But it looks and seems probable. Thanks again. It's really nice of you to offer your thoughts.
Generally you get a short that heats some stuff up, the plastic insulation starts to burn, more stuff shorts, gets hotter, and then plastic continues to get consumed.

fuel fires are very explosive and burn a lot of stuff.

I couldn't see in the photos if the fuel injectors were still there. That's where fuel fires go so if they're still there I would be certain of an electrical fire.
 

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Discussion Starter · #10 ·
I couldn't see in the photos if the fuel injectors were still there. That's where fuel fires go so if they're still there I would be certain of an electrical fire.

Yessir, they're still there. Nice to have some closure, thanks for the intel. Found a scrapper to come haul her away and give me 200 bucks. Not so bad.
 

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Many years ago I was driving my sister's Toyota Corolla, little car. When I parked outside supermarket I walked passed the front and noticed flame from the front brake. The fluid is quite flammable. Tube must have leaked it onto the disc. In my case the fire didn't spread, but it flared about a foot at one point. I actually blew it out because I was desperate. I like the comment about the extinguisher and we should all keep one in the boot.
 

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Discussion Starter · #12 ·
When I had the luxury of my 1990 Jeep YJ, I ALWAYS had an extinguisher attached to the B Pillar. That gas-hog used to keep me white-knuckled every time it was hotter than 90F outside, but it never caught fire. Go figure that my Saab would burn up before the Jeep.

Looking back at everything, I'm pretty surprised a small extinguisher isn't standard issue for all trunk kits. Sad that it took these circumstances, but it will be from now on.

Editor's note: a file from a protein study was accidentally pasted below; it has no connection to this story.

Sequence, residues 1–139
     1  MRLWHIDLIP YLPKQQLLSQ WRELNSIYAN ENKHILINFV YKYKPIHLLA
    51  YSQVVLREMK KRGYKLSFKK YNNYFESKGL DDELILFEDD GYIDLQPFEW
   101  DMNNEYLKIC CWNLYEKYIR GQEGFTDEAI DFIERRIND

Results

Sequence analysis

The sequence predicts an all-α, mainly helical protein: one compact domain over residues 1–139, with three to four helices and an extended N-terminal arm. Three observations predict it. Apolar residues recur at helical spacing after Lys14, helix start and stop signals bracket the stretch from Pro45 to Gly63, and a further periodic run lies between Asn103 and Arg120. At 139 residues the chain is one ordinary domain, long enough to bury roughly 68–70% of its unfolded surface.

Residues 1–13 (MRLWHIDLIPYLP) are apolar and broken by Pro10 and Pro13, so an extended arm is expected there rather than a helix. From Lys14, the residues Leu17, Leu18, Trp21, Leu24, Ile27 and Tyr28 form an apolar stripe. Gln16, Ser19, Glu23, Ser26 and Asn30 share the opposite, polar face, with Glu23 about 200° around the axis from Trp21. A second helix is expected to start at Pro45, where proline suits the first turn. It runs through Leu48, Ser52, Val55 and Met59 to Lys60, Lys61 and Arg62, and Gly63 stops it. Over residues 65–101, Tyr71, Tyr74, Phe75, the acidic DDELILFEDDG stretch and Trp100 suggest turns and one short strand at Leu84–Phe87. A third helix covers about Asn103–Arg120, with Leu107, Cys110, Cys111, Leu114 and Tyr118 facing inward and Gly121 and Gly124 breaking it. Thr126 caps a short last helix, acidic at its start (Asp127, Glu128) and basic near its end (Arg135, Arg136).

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If you own an old car an extinguisher is a must. In fact in many judged car shows you MUST show your extinguisher in order to be judged.

I have one in the Volvo, never thought to get one for the other cars.
 

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Thanks for taking a look, guys. I guess I hadn't even considered electrical. Is that common?
Electrical fires seem to be pretty rare in these cars, but I knew of a girl around here who had a beautiful 9000 Aero with every performance modification you could imagine. I saw it a couple of times, and it was impressive. Her car burned up in an electrical fire, and I imagine its engine was clean enough to eat off of. There's enough combustible material in the engine compartment to burn without any exposed oil or sludge. That's really too bad that your car had to go that way, but thankfully no one got hurt!
I actually never would have thought electrical until unclemiltie said it. I don't think it's very common, but what do I know haha
Electrical fires in Trionic cars are relatively rare, but not completely unheard of. Complaints of engine fires were notably higher for V6 Trionic 7 engines over four cylinder.

NHTSA Action Number : PE05017
NHTSA Recall Campaign Number : 2 recalls found (View)
Vehicle Make / Model: Model Year(s): SAAB / 9-3 1999-2002
SAAB / 9-3 CONVERTIBLE 1999-2002
SAAB / 9-5 1999-2002
Manufacturer(s) :
SAAB CARS USA, INC.
Component(s) :
ELECTRICAL SYSTEM
ELECTRICAL SYSTEM:IGNITION